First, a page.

Indeed, when practical, the FTC would like advertisers to incorporate relevant limitations and qualifying information into the underlying claim, rather than have a separate disclosure qualifying the claim. Where that is not possible, the agency continued to caution advertisers that they should avoid using hyperlinks
for disclosures and that “required disclosures about serious health and safety issues are unlikely to be effective when accessible only through a hyperlink.”
The FTC’s hyperlink restrictions could very likely be adopted by the FDA. Industry attorney Arnie Friede, a former FDA associate chief counsel, told Pharmalot.com that “the FDA can certainly hang its hat on this language to say that even the FTC rejects disclosures via hyperlink of important health and safety information, e.g., ‘fair balance’ information.”
The FTC also asks marketers to avoid “conveying such disclosures through pop-ups, because they are often blocked” and states that if a disclosure is necessary to prevent an advertisement from being deceptive, unfair or otherwise violative of a Commission rule, and it is not possible to make the disclosure clearly and conspicuously, “then that ad should not be disseminated. This means that if a particular platform does not provide an opportunity to make clear and conspicuous disclosures, then that platform should not be used to disseminate advertisements that require disclosures.”
In the final analysis, the FTC concludes, “the ultimate test is whether the information intended to be disclosed is actually conveyed to consumers.”
Yadron, Danny and Ovide, Shira; “FTC Says Tweet Ads Need Some Fine Print,” The Wall Street Journal
(March 12, 2013)
 Silverman, Ed; “Will FDA Emulate FTC Online Ad Guidance?” Pharmalot.com (March 13, 2013).
March 28, 2012 – Industry members needing another reason to join the fray of companies participating in the Digital Advertising Alliance’s (DAA’s) voluntary consumer privacy protection program got a big one this week: The Federal Trade Commission’s (FTC’s) final report on protecting consumer privacy. In the report, the FTC recommends that companies begin adopting its best practices to protect consumers online; the Commission also asks Congress to consider enacting legislation covering general privacy, data security and breach notification, and data brokers.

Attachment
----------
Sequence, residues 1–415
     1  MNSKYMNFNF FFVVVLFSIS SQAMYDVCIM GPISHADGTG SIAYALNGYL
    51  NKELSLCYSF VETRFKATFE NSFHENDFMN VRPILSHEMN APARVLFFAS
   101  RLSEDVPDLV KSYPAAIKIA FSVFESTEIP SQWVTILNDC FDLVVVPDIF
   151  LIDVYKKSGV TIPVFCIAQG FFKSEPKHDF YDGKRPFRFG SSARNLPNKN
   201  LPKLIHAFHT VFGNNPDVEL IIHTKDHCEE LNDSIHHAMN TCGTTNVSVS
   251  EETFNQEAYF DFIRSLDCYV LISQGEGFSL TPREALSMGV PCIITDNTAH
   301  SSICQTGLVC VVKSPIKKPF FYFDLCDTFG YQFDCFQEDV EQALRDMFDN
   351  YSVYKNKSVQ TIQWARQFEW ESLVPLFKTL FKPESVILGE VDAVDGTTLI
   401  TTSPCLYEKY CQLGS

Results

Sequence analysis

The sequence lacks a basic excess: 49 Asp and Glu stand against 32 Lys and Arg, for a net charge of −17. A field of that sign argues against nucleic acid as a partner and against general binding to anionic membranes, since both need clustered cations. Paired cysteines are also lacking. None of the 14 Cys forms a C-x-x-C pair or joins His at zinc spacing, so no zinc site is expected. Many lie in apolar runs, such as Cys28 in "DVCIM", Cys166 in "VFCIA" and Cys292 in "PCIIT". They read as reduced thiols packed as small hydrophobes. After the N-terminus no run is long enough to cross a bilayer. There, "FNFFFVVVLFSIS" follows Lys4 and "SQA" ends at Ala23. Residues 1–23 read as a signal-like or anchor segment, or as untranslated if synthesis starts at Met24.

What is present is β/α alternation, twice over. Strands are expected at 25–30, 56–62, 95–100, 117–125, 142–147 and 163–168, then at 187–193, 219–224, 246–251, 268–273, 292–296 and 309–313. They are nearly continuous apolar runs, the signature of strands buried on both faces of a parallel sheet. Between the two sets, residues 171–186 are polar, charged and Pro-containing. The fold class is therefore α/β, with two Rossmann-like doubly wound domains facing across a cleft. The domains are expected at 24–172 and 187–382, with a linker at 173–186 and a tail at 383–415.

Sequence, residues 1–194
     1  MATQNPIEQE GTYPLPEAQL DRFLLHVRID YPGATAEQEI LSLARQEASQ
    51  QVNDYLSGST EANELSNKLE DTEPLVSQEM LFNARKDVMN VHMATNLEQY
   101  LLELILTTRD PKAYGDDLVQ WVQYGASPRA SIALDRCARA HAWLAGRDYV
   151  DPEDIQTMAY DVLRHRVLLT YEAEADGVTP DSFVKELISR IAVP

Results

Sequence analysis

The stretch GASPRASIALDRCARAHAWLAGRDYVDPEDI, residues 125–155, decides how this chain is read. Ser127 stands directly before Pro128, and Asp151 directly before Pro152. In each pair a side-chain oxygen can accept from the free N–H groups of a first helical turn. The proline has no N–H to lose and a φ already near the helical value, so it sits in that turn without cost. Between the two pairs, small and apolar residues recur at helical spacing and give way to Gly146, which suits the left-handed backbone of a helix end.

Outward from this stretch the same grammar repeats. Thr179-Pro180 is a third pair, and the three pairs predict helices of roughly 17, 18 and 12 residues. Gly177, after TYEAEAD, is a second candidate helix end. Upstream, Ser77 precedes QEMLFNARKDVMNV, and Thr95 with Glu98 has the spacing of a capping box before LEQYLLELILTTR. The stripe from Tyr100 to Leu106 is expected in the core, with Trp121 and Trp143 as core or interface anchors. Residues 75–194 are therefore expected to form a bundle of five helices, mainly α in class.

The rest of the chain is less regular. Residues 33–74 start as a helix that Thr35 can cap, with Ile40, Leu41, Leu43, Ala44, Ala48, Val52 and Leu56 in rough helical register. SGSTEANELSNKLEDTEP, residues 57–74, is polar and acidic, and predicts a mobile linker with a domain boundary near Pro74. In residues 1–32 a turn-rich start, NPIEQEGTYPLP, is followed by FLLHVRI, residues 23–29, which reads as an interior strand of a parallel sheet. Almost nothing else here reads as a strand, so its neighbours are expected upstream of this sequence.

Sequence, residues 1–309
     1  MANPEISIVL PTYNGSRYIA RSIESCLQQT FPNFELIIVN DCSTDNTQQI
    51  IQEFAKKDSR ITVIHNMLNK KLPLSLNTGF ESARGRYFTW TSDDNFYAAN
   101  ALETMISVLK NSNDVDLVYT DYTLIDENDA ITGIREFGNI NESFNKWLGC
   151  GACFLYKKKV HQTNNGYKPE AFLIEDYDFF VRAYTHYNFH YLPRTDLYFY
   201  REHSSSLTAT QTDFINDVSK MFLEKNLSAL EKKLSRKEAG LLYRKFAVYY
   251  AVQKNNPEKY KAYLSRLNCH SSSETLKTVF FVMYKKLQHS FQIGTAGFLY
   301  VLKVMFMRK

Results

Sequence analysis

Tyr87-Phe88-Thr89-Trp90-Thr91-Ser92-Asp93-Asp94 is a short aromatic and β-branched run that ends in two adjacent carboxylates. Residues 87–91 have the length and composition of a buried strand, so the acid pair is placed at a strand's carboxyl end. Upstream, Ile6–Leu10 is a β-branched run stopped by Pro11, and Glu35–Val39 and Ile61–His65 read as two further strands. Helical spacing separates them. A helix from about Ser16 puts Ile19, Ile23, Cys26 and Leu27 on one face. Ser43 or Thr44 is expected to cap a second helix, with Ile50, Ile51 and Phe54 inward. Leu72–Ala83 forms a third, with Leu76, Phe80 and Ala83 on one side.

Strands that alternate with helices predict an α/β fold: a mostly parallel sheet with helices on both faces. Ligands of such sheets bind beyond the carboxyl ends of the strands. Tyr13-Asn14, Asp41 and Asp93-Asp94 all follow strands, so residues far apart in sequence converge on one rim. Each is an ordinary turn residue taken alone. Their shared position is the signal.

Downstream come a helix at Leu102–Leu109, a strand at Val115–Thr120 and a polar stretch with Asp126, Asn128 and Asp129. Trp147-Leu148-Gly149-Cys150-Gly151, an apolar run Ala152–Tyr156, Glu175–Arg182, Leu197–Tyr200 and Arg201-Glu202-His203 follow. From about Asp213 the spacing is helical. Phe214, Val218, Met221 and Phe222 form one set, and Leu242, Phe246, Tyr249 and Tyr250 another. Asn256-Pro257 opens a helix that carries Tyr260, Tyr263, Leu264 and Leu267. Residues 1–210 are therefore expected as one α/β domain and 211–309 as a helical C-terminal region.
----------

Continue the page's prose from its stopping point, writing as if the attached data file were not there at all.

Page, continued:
“If companies adopt our final recommendations for best practices – and many of them already have – they will be able to innovate and deliver creative new services that consumers can enjoy without sacrificing their privacy,” said FTC Chairman Jon Leibowitz. Indeed, the FTC, the U.S. Department of Commerce and the White House praised the DAA and its members Feb. 23 for their efforts – including DAA’s Self-regulatory Program for Online Behavioral Advertising and its “Your Ad Choices” public education advertising campaign – to protect consumers’ privacy online.
The final FTC privacy report, issued March 26, expands on a report issued by the agency in December 2010 by asking companies handling consumer data to implement specific recommendations for protecting privacy, as follows:
- Privacy by Design – Companies should build in consumers’ privacy protections at every stage in developing their products. These include reasonable security for consumer data, limited collection and retention of such data, and reasonable procedures to promote data accuracy.
- Simplified Choice for Businesses and Consumers – Companies should give consumers the option to decide what information is shared about them, and with whom. This should include a Do-Not-Track mechanism that would provide a simple, easy way for consumers to control the tracking of their online activities.
- Greater Transparency – Companies should disclose details about their collection and use of consumers’ information, and provide consumers access to the data collected about them.
Leibowitz indicated that although many companies are on board with these recommendations, it may be necessary for Congress to step in. “We are confident that consumers will have an easy to use and effective Do Not Track option by the end of the year because companies are moving forward expeditiously to make it happen and because lawmakers will want to enact legislation if they don’t,” Leibowitz said.
To that end, the FTC “urges individual companies and self-regulatory bodies to accelerate the adoption of the principles contained in the privacy framework, to the extent that they have not already
done so,” according to an FTC press release.
The FTC will be active in five key areas over the next year, the report states: (1) Do Not Track; (2) mobile services; (3) data brokers; (4) large platform providers; and (5) enforceable self-regulatory codes.
“To the extent that strong privacy codes are developed, the Commission will view adherence to such codes favorably in connection with its law enforcement work,” the report states. However, the FTC states that it “will also continue to enforce the FTC Act to take action against companies that engage in unfair or deceptive practices, including the failure to abide by self-regulatory programs they join.”
Feb. 23, 2012 – At a White House meeting held today to unveil the blueprint for the Obama Administration’s “Consumer Privacy Bill of Rights,” the Digital Advertising Alliance (DAA) and its members were praised by White House, Department of Commerce and Federal Trade Commission officials for their efforts during the past three years to protect consumers’ privacy online. These efforts include the DAA’s Self-regulatory Program for Online Behavioral Advertising and last month’s “Your Ad Choices” public education advertising campaign.